I love Westerns. Love them.
Django Unchained (2012) is Quentin Tarantino's salute to the Western genre.
Men on horseback march slaves through the deserts of Texas and into the frostier climbs of Arizona. They slow as a wagon approaches and call out for the driver to identify himself. He does, as Dr. King Shultz, a dentist in search of specific slave, Django. After an altercation results in Dr. Shultz killing one of the slavers and wounding the other, he reveals he is a bounty hunter who requires Django to identify three former plantation owners for him.
DC's reviews of all of them), but none of it inspired me to go on a shooting spree.
Django Freeman is a newly freed slave who revels in learning the profession of bounty hunting, but really longs to get his wife back. His quick skill with a gun is a little hard to believe, but his relationships with those around him isn't. Django acts as an almost secondary character during the first half of the film. He rarely speaks as he learns bounty hinting from Dr. Shultz. However; by the end he truly comes into his own and brings all the gravitas needed.
Dr. King Shultz is a German dentist turned bounty hunter. He is hilarious. The way he works around situations and goes into everything with a thorough plan. It's when things begin to go wrong that everything becomes more interesting. I sincerely hope actor Christoph Waltz brings home Best Supporting Actor for this.
Our Fair Lady
Broomhilda 'Hilde' Von Shaft is the fair maiden who must be rescued from the mountaintop, also know as Candieland. She appears as an ethereal guide to Django for the beginning of the film before the reality of the situation nearly destroys both Django and his actual beloved. It is incredibly surprising how attached and worried for the pair which is part the work of the lovely slow build in the film and part an extension of Dr. Shultz's own concern. I was a little surprised that Hilde doesn't grow beyond fairytale princess status, but she doesn't really need to.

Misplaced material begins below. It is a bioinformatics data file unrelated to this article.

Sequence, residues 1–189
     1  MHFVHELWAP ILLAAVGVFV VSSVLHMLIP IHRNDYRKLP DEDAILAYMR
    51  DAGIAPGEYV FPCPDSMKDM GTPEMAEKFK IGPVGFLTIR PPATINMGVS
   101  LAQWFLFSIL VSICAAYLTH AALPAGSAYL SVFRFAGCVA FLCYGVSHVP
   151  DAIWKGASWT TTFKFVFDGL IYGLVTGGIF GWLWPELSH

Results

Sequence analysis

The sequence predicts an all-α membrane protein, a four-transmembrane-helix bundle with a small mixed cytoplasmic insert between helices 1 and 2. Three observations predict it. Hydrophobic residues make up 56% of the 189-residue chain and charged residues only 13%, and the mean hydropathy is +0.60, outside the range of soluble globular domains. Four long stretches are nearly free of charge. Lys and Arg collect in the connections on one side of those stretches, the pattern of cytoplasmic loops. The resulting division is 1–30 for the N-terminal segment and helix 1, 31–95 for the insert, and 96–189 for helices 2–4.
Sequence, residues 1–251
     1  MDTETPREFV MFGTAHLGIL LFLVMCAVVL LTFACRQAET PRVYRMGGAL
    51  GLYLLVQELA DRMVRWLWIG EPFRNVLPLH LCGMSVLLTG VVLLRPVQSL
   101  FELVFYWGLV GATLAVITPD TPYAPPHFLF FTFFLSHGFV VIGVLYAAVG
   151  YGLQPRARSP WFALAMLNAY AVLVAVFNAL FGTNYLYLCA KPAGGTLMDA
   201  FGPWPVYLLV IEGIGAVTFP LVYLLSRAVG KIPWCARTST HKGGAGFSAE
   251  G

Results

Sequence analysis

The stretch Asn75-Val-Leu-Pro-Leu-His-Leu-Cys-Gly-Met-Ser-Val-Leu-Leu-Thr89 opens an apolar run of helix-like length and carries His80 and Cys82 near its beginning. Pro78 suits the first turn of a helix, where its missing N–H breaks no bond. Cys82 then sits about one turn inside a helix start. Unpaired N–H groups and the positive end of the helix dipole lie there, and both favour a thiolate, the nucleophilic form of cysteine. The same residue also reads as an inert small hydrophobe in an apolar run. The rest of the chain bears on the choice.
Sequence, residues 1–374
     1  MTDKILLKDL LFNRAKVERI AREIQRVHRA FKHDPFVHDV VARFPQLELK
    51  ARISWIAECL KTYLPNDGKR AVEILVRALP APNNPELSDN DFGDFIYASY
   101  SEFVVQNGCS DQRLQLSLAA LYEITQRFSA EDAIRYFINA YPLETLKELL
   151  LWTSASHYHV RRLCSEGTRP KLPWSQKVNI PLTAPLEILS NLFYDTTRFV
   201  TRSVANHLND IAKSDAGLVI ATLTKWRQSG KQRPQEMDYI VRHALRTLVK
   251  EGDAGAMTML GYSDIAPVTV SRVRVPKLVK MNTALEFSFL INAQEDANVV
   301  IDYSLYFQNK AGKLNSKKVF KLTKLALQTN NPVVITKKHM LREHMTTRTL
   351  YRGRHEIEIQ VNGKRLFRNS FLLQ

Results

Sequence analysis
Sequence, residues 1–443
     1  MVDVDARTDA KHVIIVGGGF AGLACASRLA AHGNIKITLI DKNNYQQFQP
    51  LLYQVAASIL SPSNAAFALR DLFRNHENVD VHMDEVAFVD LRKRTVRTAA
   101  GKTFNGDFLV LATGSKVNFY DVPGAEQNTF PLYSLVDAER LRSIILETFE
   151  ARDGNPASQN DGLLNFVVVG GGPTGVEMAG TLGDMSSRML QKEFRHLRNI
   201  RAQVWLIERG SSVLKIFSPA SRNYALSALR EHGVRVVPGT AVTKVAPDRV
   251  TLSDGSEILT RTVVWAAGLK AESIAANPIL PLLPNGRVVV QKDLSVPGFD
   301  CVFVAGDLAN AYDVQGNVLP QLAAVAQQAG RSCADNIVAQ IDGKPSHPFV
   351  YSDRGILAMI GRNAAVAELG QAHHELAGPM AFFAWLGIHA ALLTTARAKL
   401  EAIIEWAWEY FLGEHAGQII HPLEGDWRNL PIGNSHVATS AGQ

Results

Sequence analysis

Stephen is the ultimate 'Uncle Tom' for his master. Django describes black servants selling each other out as the lowest of the low and the film works hard to show that as well. Samuel L. Jackson can can a little distracting as his "mother f-ing" pulled me out of the film, but it isn't too bad. The end of Stephen and Django's conflict also gives some ground to the 'this film is racist' camp, but it's very little.
Monsieur Calvin J. Candie is a francophile who is the leading purveyor of mandingo fighters in the south. He owns Hilde and seems unlikely to give her up. With his flair for the dramatic and eye for detail he quickly builds himself into a worthy foe for Shultz and Django.
Django and Shultz travel all over the United States in search of bounties and Broomhilda. I was surprised when at the end of the film I found that it was only shot in Wyoming (a staple of modern Westerns) and Louisiana. Everything is beautiful and the locations are exceptionally crafted. The music in this movie is also fantastic. It is a mix of old and new that really helps drive whatever scene its in. It helps that it wasn't until the credits that I disliked a song.
In the End
The end probably has the most issues out of anything in this movie. It is enjoyable and will keep anyone guessing.
The first half of this film is so funny that I don't think I stopped laughing for more than a few minutes at a time. It is very Tarantino humor, but it definitely works. The staples of the genre are pulled together nicely and Tarantino's excesses fit very well in the frame of the genre. This could have easily become Wild Wild West, but instead rises above it to become a dazzling fun ride that stands out well. See it if you love Westerns or Tarantino.
Tomorrow, or, hopefully, in about six hours [Yay, post-datitng], I think I'll go a bit foreign.